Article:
Wednesday, December 17, 2008

Davy Graham, 1940-2008


British guitarist Davy Graham died Monday.

His innovations influenced folk artists John Renbourn, Bert Jansch and Martin Carthy. Jimmy Page probably learned a thing or two from Graham. And whether they know it or not, today's freak-folk crowd is also in Graham's debt. His '60s recordings fused jazz, folk, blues and rock in entirely new ways.

Presumably, 1977's The Complete Guitarist is so named because Graham offers sixteen vastly differing solo works. Celtic, classical, jazz, folk and blues are represented in a solo format. I selected "Hardiman the Fiddler" for its brevity; I highly recommend all of it.

The Guardian compiles and annotates five Graham videos.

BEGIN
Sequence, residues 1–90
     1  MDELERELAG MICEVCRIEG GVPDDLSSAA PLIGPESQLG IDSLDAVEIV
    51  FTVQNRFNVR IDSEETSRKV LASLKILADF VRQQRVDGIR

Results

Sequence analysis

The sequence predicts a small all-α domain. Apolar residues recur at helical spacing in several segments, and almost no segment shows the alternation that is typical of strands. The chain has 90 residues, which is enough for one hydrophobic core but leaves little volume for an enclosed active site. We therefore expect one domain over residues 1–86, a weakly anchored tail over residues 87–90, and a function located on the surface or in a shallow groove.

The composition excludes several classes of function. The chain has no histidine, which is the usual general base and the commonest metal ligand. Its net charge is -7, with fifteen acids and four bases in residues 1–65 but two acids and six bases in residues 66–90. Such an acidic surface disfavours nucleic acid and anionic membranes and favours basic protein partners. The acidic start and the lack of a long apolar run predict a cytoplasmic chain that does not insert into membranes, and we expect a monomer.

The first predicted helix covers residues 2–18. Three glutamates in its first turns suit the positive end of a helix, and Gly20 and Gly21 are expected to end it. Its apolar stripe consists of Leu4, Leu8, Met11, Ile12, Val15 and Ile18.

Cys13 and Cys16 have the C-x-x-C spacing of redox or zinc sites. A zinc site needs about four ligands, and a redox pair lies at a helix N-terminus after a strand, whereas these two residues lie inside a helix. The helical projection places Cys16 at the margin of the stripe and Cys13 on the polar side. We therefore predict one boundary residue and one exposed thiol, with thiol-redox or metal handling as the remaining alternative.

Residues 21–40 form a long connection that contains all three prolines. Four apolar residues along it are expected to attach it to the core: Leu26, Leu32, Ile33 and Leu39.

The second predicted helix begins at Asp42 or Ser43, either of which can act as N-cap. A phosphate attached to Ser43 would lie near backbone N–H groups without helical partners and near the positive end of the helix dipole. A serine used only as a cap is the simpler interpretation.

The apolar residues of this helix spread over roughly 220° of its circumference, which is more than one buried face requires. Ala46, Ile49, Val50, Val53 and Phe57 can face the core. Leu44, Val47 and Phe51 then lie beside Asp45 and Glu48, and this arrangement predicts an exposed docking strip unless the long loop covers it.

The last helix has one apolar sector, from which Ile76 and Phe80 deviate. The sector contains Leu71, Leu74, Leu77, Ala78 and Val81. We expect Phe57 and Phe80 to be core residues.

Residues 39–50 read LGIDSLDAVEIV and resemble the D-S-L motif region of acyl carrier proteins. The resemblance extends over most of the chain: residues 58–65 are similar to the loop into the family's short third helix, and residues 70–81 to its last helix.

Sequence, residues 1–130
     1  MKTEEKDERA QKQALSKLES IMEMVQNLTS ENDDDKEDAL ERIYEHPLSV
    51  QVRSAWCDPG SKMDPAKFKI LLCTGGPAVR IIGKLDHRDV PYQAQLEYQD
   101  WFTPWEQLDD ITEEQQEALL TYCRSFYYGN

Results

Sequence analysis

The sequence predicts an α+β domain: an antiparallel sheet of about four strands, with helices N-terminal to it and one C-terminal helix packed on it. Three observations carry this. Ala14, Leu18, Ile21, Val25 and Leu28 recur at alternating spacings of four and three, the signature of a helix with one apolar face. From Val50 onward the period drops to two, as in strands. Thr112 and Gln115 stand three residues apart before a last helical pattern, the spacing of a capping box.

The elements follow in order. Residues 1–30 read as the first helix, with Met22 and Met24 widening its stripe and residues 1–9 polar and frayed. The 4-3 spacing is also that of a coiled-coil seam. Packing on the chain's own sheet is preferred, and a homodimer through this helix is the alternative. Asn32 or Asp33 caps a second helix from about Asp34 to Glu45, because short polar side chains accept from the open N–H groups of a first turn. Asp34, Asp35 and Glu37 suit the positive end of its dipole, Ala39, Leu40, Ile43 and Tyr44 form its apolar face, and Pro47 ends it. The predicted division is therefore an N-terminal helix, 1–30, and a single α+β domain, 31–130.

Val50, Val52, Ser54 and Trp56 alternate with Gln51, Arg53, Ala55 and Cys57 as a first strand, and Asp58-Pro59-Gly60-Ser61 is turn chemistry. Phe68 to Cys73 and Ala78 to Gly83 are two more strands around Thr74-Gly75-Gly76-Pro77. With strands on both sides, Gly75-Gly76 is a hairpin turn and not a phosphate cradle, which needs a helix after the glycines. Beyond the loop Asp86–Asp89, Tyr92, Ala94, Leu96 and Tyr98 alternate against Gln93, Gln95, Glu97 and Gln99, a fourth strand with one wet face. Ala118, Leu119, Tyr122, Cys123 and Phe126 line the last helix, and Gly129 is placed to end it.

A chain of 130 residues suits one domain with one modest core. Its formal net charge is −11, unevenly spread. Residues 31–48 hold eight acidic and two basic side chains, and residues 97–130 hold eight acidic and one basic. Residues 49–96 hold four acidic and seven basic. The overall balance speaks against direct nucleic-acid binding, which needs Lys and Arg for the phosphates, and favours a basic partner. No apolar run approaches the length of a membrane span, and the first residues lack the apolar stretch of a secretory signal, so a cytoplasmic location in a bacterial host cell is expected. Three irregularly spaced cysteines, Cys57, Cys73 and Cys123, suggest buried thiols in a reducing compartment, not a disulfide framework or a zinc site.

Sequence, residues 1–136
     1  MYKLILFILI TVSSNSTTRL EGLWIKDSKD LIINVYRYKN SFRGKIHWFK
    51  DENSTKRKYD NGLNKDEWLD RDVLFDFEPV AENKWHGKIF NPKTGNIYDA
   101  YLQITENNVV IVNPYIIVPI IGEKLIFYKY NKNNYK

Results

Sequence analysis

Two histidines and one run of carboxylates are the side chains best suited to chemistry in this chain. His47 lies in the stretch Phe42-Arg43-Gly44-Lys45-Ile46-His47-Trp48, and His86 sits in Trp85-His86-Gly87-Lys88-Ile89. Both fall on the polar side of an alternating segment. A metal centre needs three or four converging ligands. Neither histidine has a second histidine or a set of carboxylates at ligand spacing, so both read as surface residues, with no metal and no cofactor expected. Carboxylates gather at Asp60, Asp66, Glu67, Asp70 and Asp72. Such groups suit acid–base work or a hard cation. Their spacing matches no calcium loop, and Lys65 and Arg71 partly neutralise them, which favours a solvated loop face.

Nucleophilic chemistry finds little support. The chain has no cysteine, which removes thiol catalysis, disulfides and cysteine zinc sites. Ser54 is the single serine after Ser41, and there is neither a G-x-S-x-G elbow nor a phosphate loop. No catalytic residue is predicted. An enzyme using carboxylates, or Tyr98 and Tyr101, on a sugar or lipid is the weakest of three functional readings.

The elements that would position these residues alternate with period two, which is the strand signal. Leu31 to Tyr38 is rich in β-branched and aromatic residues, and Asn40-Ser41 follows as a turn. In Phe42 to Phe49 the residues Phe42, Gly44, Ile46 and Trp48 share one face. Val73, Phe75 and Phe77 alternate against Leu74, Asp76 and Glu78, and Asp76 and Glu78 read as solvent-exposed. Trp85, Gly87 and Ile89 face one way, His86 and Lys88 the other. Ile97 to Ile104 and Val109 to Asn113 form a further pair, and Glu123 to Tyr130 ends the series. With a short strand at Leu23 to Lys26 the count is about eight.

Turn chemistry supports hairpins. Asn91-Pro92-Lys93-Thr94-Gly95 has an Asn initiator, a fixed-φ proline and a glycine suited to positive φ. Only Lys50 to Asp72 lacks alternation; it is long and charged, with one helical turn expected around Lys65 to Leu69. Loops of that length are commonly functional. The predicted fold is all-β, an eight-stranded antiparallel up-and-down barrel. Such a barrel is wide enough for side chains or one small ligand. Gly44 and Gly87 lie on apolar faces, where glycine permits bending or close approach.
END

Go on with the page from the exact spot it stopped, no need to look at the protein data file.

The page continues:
(Tip via BGO.)

Before heaping praise on the Rum Drum Ramblers, one of the two co-owners of St. Louis' Vintage Vinyl- I assume it's Tom, but it could be Lou- articulates my sentiment about today's blues scene:

"There's a whole lot of what is called blues but really isn't... Do we ever need to hear anyone record that BB King or Elmore James song every lazy bar band can knock out in a slow walk? Yes, we have had so much heaped on our heads, in the name of blues, but so damn little that's original and shows players using the form to drive nails in the head and heart."

Kansas City Click: KoolAide and the Exact Change Band appear at the Kansas City Blues & Jazz Juke House tonight.

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